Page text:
If the serial command handler gets too many characters before receiving a complete command then it will print Ovrflw. By default, messages can include up to 30 characters. You can increase the internal buffer size if 30 characters isn’t enough for your commands.

Arduino Command Processing Example

This example extends the classic Arduino blink program with serial commands to control how long the LED is on and off. It uses

Open this example in MegunoLink to follow along:

  1. In MegunoLink, open Library ExamplesMegunoLinkInterfacePanelMegunoLink Blink2.
  2. Then choose Open (open project)Open Arduino Code.

The sketch accepts these commands:

  • !SetOnTime 40\r\n Sets the time the LED remains on to 40 ms
  • !SetOffTime 100\r\n Sets the time the LED remains off to 100 ms
  • !ListAll\r\n Lists the current setting of all parameters

Values for the on- and off-time commands come from number controls on the interface panel. Getting started building an Arduino interface walks through making an interface panel for the Blink 2.0 project.

Arduino Blink Interface Panel

The Interface Panel sends to change the on-time and off-time of the LED when the Set buttons are clicked.

First we’ll look at the entire sketch and then break it down:

Detailed Example Walk-through

Blinking the LED

Blinking the LED using delay(…) won’t work for this sketch because the delay function prevents the Arduino from doing much else. That’s a problem for our command handler. If the Arduino is busy waiting for the next blink it can’t receive serial commands.

So we use time to decide when to blink the LED instead. The code responsible for this is:

The first block sets up the variables needed:

  • LastBlink: the time that the LED was last turned on. This comes from the Arduino’s millis() timer, and is measured in milliseconds since the Arduino was last reset.
  • OnTime: time that the LED spends on (in milliseconds).
  • OffTime: time that the LED spends off (in milliseconds).

The OnTime and OffTime variables are changed when we receive the serial commands !SetOnTime and !SetOffTime (more on that a bit later). Changing these values will change the blink rate.

The second block lives in the program loop. It is responsible for turning the LED on and off. Each time through the loop we:

  1. put the current time in uNow, and
  2. if the time since we last turned the led on (LastBlink) is less than the amount of time the LED should be on then the LED is turned on, otherwise it it is turned off.
  3. If it has been longer than the total amount of time the LED should be on and off, then LastBlink is reset so blinking continues.

So the blinking rate will change when the OnTime and OffTime variables are changed. Before looking at how these are changed by the serial commands, lets look at how the command handler is setup.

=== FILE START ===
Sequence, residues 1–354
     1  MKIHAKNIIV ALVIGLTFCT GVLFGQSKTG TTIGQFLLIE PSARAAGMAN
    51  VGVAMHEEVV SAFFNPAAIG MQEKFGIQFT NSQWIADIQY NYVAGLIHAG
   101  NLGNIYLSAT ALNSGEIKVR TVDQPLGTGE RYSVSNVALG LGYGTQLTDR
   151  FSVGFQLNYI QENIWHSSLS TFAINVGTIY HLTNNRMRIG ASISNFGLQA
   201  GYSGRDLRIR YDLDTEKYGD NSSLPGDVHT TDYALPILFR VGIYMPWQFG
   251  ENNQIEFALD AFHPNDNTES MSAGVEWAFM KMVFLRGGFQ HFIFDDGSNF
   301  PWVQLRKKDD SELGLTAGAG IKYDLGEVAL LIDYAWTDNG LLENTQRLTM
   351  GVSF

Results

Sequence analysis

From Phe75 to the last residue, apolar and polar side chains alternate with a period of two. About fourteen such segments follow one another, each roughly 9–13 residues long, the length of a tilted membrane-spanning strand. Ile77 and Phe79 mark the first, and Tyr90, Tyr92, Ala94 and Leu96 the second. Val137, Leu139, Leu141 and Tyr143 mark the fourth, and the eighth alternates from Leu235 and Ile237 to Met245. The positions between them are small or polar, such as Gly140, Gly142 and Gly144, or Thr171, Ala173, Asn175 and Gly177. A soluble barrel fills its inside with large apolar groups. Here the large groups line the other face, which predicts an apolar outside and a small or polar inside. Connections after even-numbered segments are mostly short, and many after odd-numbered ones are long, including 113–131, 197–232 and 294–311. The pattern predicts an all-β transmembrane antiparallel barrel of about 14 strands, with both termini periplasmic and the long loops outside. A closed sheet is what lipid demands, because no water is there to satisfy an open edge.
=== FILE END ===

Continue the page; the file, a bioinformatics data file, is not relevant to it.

Set up the Command Handler

There are three blocks of code that setup and run the command handler.

First, include the library and create global command handler variable:

The SerialCommandHandler variable is declared at file scope so it can be used in the setup() and loop() functions.

The angle brackets (<>) are needed after the CommandHandler type name because it is a template. You can change the maximum number of commands supported (10) and the size of the serial buffer (30 characters) by putting values between the angle brackets. Check out the command handler reference for more information.

Next, add each command to the command handler inside the setup function. Of course, the Arduino Serial library has to be initialized too:

Finally, at the start of the loop() function, the Process() method is called. This method receives characters from the serial port and calls the appropriate function whenever a command is received:

Command Functions

Command functions are called by the SerialCommandHandler when the matching serial command is received. This example registers 3 command functions:

  • Cmd_SetOnTime: called for the SetOnTime command.
  • Cmd_SetOffTime: called for the SetOffTime command.
  • Cmd_ListAll: called for the ListAll command.

Here’s the implementation for the Cmd_SetOnTime function (the others are similar):

The SerialCommandHandler passes a CommandParameter variable to the function when it is called. This variable provides access to any parameters following the command.

In this example, the new time to turn the LED on is retrieved as an integer parameter using Parameters.NextParameterAsInteger(OnTime) and saved in the global variable OnTime to set a new flashing rate.

The current value of OnTime is passed to NextParameterAsInteger, which uses it as the default value. So if the command sent doesn’t include a valid integer, the function will simply return the current value by default and the flash rate won’t change.

You must include CommandParameter &parameters as a parameter, even if you don’t use it in the function. Check out the command handler documentation for other methods you can use to retrieve parameters.

Updating an Interface Panel

Here we set up an Arduino sketch to process commands sent from an interface panel. Your Arduino code can also send commands to MegunoLink to change control values. Take a look at the set parameters example and video below for more information.

What's Next?

Once you’ve added a basic command handler to your Arduino sketch you can: